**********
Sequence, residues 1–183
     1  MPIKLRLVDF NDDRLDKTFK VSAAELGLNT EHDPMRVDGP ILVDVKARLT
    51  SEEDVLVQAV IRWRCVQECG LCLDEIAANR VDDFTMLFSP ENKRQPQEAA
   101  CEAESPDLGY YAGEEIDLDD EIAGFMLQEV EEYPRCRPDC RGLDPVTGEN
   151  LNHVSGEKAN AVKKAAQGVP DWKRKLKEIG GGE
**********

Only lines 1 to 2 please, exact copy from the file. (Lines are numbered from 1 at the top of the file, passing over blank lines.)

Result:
Sequence, residues 1–183
     1  MPIKLRLVDF NDDRLDKTFK VSAAELGLNT EHDPMRVDGP ILVDVKARLT